Wood flooring… on the wall?

Three words used to strike dread in the hearts of interior designers everywhere: wood panel walls. But before you dismiss wood as an accent or even alternative to drywall, consider some of the innovative applications designers are deploying in luxury homes across the country. 

Not Just for Cigar Rooms Anymore

First off, scrap any old ideas you might have about wood panel walls. We’re not talking dank, subterranean mancaves lined with brandy snifters and humidors (although those do have their charm). Today’s designers are using bright, sometimes even colorful wood designs to create interest, contrast and texture in both new construction and remodeling projects.

Not only are designers no longer constrained to the dark-toned vertical slats that come to mind when you think “mobile home,” they’re not even limited to actual wood. Engineered products, including maintenance-free vinyl, take pattern, color and style possibilities to the limits of imagination. 

An Exotic Accent… for Your Home

Using a different color latex to turn one side of the room into an accent wall is a great way to get a room to pop, but what about ditching paint altogether and going with something truly stunning? Woodgrain panels can convert an ordinary wall into a work of art, especially if they make use of one trait they have that old fashioned paint does not: a third dimension. 

Wood panels aren’t just measured in height and width—they also have depth. Varying one, two or all three dimensions creates visual contrast and texture in ways that paint cannot—unless your contractor happens to know Leonardo da Vinci personally, that is.

Also remember, when mounted to the wall, wood paneling can run any direction, not just vertically. Horizontal and even diagonal patterns can make a room appear taller or wider, which is especially effective in closed-in spaces such as basements and converted attics.  

Elegance Squared

Back in the days of old, designers understood the utility and durability wood provides. One application that has persisted in popularity throughout the centuries has been wainscoting—that waist-high ribbon of wood paneling you’ll often see wrapped around dining rooms. It lends a certain refinement to a room, calling to mind the great estates of Europe and colonial America. 

But there’s no reason to stop at the chair rail. Full-sized wood panels, stretching from floor to ceiling and framed with quarter- to half-inch trim, create a distinguished look that mere drywall cannot approach. The slight protuberance of the moulding makes the ultra-smooth surface of the plywood that much more distinct. 

Taking the ‘Pain’ out of ‘Painting’

One of the advantages of using wood panels on your walls is that it opens up far more possibilities in terms of treatment. Unlike drywall, which really only plays well with acrylic, wood can be covered with either acrylic- or oil-based products, or—and here’s where wood really shines—it can be stained to give it an earthier tone than you could ever get with paint.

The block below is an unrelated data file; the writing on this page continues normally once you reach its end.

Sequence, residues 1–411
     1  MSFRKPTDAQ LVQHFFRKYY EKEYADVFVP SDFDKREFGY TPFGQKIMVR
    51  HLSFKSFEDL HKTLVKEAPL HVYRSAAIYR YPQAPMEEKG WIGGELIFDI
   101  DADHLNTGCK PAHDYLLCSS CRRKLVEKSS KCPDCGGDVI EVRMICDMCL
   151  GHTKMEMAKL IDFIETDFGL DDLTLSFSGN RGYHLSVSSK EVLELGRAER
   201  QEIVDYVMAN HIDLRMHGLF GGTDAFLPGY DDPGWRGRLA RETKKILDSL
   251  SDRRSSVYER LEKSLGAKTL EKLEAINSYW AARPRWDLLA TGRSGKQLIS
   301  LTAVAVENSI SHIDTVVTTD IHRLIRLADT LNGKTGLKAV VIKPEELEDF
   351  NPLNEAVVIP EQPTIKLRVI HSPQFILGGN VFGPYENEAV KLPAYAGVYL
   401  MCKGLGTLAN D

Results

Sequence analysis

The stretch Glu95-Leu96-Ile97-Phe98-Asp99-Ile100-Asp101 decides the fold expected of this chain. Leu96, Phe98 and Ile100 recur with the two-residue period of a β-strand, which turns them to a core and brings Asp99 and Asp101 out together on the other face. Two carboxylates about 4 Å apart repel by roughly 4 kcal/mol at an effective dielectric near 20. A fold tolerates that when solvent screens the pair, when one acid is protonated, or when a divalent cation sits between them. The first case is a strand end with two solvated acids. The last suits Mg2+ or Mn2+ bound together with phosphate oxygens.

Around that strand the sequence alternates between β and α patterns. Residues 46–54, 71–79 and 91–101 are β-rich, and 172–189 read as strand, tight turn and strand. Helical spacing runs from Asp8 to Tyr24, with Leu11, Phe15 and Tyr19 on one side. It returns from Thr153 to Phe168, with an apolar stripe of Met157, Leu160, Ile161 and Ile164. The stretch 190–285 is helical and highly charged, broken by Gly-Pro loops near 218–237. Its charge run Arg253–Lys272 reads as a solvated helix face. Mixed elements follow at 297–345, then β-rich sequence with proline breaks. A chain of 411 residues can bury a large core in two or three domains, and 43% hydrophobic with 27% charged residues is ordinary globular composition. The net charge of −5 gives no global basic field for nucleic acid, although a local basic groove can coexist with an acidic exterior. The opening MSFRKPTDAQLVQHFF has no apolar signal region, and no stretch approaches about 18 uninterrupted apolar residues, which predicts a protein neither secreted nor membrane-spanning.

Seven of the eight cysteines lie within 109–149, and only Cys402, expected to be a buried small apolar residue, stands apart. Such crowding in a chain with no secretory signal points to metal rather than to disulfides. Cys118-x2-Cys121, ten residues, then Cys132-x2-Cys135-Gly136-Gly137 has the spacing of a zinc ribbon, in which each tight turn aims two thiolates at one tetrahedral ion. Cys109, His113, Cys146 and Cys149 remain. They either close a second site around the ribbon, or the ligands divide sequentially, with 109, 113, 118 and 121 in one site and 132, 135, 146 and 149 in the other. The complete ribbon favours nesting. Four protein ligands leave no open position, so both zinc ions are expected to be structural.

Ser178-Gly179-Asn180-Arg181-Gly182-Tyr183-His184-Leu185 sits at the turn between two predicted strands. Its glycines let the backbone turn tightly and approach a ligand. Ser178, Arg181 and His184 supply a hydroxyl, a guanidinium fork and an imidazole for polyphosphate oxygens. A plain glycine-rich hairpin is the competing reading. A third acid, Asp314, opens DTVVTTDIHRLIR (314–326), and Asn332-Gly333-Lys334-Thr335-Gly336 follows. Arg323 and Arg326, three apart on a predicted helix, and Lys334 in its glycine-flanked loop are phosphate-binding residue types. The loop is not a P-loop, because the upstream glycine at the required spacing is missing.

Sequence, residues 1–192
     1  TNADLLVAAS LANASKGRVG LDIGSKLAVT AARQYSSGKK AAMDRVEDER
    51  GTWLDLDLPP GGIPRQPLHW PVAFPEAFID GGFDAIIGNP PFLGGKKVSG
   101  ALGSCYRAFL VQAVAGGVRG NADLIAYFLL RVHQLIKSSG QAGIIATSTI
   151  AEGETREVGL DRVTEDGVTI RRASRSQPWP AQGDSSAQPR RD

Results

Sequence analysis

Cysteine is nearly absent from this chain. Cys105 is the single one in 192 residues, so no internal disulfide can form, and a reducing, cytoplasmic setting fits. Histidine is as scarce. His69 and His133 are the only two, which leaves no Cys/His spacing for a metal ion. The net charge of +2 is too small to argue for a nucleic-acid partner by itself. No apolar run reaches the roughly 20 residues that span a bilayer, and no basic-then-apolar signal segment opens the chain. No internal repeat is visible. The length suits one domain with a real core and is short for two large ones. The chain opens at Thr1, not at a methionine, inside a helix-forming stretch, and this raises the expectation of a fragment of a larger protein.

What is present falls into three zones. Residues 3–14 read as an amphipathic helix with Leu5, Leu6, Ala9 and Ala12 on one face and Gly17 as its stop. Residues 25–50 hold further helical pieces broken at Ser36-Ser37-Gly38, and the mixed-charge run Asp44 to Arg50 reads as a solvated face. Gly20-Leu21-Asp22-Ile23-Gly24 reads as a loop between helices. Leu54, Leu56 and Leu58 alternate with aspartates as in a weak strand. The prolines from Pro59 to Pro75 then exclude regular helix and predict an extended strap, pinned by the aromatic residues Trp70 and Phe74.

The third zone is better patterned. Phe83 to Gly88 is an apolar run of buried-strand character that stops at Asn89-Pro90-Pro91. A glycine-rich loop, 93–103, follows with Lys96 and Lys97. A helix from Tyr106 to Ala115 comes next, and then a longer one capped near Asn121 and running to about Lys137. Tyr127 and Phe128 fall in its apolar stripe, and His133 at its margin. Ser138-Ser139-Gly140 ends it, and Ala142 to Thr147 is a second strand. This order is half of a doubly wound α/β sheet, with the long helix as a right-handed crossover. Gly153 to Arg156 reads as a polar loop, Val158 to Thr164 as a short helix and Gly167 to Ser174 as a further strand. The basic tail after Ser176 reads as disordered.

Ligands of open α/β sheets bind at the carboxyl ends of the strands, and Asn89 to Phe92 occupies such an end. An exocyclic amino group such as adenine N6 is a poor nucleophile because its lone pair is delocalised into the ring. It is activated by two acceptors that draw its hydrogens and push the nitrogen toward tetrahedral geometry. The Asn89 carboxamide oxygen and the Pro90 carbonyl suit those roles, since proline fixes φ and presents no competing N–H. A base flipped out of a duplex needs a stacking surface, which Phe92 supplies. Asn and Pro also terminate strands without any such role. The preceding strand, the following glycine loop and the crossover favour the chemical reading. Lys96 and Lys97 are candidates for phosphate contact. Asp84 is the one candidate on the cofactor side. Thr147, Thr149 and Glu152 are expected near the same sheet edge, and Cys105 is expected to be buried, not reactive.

Stain protected with a healthy coat of polyurethane will offer the most maintenance-free surface you’re ever going to find on a wall. Just wipe it down a few times a year with lightly soapy water, and you’re set. It’ll probably never need another coat of poly, but even if it does it’ll only be once or twice in your whole lifetime.

However, if you’re the type of homeowner who likes to switch it up every few years, paintbrushes and rollers may be in your future. The good news is wood is every bit as paintable as drywall, if not slightly more so. Although both are absorbent, paint adheres to wood somewhat better and with fewer coats, meaning faster turnaround times and longer-lasting paint jobs. 

An Insulating Investment

In the simplest terms, insulation is added by increasing the density of materials between the inside of your home and outside temperatures. That’s why brick—far denser than vinyl siding—is such a better insulator.

Same goes for wood.

There’s a reason the earliest homes were made of logs: The density of their hardwood frames was its own insulation—no fiberglass needed. Today’s construction techniques put the most innovative technologies to work on keeping your home warm or cool while minimizing power consumption. That said, covering your walls with wood will only increase your home’s energy efficiency, resulting in a net reduction in utility costs over time.

Whether your goal is to spice up an otherwise flat space or bring an air of refinement to your remodeling project, Flooring Masters & Professional Remodelers have extensive experience installing wood panels as flooring, walls, or any other application you can think of. Our certified installers have the ingenuity and know-how to assist you in discovering your home’s true potential. Call or email today for a consultation and let our expertise guide your next project.

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